Specifically, I wonder if we will truly see an award with a distinctive ‘heroic’ criteria, or another generic fantasy novel popularity contest. Gemmell’s fiction wasn’t just about action and pace, but also about honor, sacrifice, and loyalty — and this I think is the real spirit of his tales. The organizers say as much on the Legend Award website, and I expect the judges will take those criteria seriously when they make their selection. The thing that has me somewhat apprehensive is just how the popular vote will go.
The top four novels, as voted by fans, will go to the judges for their decision — but they have to go through the fans first. Clearly, more popular works will have the advantage here — which is only natural, and not so bad a thing when one considers it was mass appeal that lead to Gemmell’s own success. But, leaving aside all those troublesome issues that online voting raises in the age of social media and e-fraud, can a popular vote make so fine a distinction as that between a good fantasy and a good heroic fantasy?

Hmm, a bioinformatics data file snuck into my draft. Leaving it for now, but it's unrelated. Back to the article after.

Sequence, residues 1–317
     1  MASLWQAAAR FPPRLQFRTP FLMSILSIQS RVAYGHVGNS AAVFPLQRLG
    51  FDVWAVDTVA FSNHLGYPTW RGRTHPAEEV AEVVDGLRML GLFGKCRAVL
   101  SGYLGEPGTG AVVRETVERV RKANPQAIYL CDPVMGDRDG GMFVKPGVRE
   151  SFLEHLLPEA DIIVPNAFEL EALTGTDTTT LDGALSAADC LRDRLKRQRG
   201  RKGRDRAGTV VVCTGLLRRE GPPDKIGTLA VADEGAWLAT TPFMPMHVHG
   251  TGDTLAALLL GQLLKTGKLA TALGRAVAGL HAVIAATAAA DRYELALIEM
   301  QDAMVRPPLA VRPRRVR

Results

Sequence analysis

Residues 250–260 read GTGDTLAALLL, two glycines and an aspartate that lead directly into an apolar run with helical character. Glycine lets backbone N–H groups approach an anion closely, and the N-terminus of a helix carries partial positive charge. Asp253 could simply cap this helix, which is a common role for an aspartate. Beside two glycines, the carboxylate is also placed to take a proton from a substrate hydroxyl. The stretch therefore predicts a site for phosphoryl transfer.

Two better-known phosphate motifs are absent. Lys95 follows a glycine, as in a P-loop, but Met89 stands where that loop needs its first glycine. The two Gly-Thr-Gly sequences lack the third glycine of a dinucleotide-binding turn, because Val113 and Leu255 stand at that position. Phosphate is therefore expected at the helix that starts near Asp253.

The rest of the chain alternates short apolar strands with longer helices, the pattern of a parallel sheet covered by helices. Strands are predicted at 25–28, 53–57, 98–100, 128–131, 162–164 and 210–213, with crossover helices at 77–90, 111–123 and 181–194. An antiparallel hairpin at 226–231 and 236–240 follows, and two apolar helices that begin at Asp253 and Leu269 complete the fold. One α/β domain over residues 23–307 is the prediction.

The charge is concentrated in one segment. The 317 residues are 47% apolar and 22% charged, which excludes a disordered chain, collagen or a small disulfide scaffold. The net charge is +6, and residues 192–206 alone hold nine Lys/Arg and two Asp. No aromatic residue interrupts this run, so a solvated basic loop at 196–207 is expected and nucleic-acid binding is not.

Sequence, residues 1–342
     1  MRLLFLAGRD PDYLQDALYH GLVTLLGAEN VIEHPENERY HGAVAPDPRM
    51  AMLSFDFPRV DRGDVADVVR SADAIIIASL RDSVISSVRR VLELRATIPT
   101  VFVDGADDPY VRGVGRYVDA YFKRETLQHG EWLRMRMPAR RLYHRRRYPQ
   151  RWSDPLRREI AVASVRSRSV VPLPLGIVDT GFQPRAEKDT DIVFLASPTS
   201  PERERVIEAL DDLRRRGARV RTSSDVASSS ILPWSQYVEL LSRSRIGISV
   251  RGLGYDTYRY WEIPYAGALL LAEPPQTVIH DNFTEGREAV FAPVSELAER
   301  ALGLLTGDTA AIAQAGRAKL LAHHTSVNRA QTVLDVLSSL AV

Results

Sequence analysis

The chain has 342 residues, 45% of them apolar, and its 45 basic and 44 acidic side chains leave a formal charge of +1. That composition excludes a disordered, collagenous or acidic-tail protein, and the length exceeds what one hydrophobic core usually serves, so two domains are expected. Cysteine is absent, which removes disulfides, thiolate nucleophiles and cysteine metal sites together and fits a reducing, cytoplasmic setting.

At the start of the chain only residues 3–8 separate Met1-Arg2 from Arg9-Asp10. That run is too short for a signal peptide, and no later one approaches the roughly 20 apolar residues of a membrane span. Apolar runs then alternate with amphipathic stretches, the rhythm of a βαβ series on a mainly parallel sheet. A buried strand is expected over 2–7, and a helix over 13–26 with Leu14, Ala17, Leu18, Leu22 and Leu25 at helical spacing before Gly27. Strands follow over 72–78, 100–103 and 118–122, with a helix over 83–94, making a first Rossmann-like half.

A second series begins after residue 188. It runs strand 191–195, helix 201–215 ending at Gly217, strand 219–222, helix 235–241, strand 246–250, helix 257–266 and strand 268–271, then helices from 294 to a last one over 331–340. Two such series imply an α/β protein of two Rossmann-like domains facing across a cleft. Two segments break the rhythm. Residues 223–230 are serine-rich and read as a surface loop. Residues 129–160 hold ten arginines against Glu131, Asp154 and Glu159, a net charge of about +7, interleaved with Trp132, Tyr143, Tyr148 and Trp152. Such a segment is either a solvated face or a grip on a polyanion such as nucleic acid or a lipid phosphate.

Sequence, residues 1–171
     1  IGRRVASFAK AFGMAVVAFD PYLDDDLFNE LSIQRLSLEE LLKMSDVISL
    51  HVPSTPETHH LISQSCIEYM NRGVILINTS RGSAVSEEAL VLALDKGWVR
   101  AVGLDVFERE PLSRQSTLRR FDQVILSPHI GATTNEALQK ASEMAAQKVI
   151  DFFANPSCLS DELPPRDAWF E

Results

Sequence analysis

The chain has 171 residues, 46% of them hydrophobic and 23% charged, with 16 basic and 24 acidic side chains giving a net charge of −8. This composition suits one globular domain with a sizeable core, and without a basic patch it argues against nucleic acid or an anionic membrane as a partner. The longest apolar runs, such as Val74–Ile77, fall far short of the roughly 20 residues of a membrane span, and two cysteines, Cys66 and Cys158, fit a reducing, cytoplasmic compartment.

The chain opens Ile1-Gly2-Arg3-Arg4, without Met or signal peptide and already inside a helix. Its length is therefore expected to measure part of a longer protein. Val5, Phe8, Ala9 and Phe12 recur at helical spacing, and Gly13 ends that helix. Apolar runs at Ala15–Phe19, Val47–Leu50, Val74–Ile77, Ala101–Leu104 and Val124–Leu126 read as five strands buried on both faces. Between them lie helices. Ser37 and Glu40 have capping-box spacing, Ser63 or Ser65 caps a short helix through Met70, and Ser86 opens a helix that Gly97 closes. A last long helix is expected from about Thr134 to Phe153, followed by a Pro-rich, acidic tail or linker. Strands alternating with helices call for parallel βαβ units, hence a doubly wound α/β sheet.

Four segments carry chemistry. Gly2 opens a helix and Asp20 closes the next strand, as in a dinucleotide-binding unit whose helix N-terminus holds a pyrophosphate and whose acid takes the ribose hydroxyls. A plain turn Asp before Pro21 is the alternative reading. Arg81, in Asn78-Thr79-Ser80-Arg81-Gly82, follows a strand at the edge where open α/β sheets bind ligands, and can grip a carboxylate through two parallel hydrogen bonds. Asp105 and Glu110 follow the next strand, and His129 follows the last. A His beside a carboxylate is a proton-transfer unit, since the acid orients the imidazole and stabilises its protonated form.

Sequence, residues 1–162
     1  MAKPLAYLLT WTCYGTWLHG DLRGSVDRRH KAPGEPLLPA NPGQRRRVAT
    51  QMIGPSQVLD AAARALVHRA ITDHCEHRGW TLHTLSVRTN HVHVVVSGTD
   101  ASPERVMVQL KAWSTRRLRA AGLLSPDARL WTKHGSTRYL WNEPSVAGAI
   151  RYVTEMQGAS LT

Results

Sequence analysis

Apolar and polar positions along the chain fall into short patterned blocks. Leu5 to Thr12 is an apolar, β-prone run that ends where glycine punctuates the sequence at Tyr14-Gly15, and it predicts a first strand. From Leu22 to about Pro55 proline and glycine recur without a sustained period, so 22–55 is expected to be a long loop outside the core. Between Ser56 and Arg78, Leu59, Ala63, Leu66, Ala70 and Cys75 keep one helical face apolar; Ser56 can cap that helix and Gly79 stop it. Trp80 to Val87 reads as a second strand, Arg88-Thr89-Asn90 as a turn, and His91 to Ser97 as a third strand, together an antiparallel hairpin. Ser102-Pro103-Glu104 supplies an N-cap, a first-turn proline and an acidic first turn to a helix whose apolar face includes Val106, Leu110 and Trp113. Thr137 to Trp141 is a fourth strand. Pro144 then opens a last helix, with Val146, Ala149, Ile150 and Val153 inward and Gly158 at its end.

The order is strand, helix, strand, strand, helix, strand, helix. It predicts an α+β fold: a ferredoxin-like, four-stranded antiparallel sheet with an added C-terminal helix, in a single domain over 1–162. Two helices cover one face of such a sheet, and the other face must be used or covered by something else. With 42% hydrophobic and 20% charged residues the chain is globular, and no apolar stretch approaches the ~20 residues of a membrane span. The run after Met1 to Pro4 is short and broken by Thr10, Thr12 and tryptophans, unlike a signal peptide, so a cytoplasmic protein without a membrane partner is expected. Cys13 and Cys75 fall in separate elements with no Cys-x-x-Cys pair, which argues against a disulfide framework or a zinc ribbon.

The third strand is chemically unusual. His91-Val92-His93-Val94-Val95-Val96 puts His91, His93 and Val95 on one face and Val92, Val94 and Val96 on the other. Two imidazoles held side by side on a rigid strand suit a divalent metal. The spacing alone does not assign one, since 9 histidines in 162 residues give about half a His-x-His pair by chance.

It’s impossible for me to guess. It is a good-looking list so far, lot’s of adventure style secondary world fantasy, and a whole lot of books that I’m already interested in checking out from authors I’m not familiar with. But some of the nominated books don’t really have much in common at all with David Gemmell’s work — although of course no one expects the nominating editors to perform self-censorship over what might qualify as in keeping with the spirit of the awards. But I do have to wonder if we couldn’t possibly get a situation where the top four books aren’t even close to being heroic fantasy.